On the day the election results were announced, Peter Chase, chief executive of the CIPD, summarised exactly how many were feeling - uncertain and confused about the future.
He said: “The General Election was called to provide the next government with a strong mandate to take us through Brexit but this morning we face yet more uncertainty. In order for the economy to remain resilient it’s vital that we have a working government that brings the UK the stability it needs at this crucial time. Brexit negotiations are high on the agenda and how these now move forwards will be a critical area of discussion.”
Brexit and Immigration
The Conservatives promised to reduce immigration and double the immigration skills charge for all businesses employing migrant workers to £2,000 a year by the end of the parliament, using the revenue generated to invest in higher level skills training for workers in the UK.
They were also committed to bearing down on immigration from outside the EU across all visa routes, with foreign students expected to leave the country at the end of their courses unless they meet new "higher" requirements allowing them to stay.
In what is already a difficult time to recruit due to low unemployment, , HR professionals expect the competition for well-qualified talent to increase even more as a result of the UK’s decision to leave the EU and the clamp down on immigration, and predict further difficulty recruiting senior and skilled employees over the next three years.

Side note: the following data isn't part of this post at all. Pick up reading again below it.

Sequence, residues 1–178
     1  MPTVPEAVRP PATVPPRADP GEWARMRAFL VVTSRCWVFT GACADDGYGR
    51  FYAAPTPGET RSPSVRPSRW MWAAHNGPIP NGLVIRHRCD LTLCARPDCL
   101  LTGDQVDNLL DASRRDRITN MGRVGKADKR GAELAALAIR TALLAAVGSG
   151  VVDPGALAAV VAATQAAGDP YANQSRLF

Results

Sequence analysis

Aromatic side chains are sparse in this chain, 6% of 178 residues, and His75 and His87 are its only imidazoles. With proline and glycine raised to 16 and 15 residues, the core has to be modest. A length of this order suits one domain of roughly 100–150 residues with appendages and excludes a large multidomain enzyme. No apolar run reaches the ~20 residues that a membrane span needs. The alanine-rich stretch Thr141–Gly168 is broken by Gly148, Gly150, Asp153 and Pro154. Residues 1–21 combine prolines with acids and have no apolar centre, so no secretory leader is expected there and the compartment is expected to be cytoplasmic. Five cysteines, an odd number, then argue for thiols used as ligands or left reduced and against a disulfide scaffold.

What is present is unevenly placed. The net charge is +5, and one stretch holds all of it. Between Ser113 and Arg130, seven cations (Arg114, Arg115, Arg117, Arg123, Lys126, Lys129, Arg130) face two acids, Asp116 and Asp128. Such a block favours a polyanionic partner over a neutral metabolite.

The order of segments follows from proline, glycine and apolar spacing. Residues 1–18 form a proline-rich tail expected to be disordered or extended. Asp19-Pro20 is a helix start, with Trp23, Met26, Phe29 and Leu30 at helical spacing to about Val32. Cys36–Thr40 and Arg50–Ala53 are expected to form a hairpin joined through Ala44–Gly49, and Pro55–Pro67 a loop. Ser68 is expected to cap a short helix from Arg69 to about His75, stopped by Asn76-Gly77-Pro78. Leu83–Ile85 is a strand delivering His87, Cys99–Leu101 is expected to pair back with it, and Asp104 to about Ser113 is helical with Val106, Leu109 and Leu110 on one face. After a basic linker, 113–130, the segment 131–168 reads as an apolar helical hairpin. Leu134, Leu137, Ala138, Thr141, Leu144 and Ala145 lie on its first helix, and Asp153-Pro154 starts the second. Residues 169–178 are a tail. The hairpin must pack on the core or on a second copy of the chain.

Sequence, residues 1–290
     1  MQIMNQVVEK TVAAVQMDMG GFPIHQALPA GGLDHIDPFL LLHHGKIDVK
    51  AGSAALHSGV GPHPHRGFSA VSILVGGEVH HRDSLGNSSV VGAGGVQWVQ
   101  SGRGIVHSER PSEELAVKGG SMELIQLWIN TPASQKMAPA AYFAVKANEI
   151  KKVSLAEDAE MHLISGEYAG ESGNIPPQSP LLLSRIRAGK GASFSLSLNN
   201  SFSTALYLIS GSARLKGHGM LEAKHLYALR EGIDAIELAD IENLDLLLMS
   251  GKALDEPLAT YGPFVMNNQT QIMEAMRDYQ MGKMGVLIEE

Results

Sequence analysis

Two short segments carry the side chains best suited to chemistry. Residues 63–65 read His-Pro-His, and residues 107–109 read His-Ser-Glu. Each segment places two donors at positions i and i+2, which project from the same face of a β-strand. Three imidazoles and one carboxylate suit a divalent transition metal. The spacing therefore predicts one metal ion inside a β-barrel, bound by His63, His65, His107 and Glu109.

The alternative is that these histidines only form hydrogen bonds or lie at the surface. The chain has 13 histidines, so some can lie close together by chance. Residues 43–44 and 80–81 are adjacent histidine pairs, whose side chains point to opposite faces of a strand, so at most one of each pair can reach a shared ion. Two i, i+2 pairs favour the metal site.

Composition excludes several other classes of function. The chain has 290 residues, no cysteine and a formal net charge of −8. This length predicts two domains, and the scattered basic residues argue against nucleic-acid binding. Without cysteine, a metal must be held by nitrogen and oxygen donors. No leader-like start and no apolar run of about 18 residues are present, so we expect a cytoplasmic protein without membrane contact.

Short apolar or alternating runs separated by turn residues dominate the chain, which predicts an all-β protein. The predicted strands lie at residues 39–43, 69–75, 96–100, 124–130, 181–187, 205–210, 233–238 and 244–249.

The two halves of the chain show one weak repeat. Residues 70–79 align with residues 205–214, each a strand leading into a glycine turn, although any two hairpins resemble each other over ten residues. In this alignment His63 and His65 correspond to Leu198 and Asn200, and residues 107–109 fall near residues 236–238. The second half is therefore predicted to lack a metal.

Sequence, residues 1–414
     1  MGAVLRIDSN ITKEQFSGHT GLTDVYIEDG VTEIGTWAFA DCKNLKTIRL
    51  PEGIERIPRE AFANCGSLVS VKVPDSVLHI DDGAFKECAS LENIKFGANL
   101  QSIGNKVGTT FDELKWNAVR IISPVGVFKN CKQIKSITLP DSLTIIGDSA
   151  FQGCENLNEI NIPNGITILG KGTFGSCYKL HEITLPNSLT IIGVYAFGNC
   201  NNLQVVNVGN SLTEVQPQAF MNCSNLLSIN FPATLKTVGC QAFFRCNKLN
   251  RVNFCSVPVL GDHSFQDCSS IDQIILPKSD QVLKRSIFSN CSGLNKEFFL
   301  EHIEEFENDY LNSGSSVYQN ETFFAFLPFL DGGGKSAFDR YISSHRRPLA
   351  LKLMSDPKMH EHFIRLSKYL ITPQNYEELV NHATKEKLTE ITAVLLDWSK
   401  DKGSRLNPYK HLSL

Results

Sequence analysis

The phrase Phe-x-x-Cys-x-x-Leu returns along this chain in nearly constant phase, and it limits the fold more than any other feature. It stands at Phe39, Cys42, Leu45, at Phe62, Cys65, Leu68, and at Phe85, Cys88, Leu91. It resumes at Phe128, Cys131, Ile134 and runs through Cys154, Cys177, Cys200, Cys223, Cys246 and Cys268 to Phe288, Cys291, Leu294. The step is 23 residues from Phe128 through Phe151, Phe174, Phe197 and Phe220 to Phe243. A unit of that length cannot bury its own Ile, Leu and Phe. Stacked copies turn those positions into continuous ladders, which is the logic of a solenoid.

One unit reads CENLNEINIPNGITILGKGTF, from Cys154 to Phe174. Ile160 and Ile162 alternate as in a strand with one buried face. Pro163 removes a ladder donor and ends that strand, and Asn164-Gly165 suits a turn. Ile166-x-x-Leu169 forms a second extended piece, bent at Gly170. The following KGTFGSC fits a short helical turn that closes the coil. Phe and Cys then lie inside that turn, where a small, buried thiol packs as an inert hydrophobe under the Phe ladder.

As Mark Easton, BBC home editor, explained: "With a Conservative government, the UK must prepare to become a low-migration economy. The party's restated commitment to reduce net-migration to the tens of thousands is ambitious and radical. Health, construction, social care, hospitality, agriculture and the creative industries are among the areas that will have to adapt to a squeeze on the supply of foreign labour.
“The Tories' plans to increase the levy on firms employing overseas citizens is designed to change the economics of using migrant workers and encourage business to train and recruit British workers. However, many business and service sectors are already lobbying for transitional visa arrangements to give them the time to adjust to lower migration levels."
The conservatives were however looking to make the immigration system work for those sectors of the economy that are suffering shortages in skills by recommending the setting aside of significant numbers of visas for workers in strategically important sectors such as digital technology, without adding to net migration as a whole.
Zero hours contracts
As part of its manifesto, the Conservatives promised to provide more protection for workers’ rights on zero hours contracts although no announcements have been made on this issue as yet. To promote positive employer brands, businesses can follow the example of McDonalds which offered 115,000 workers the option to move to fixed hour employment in April.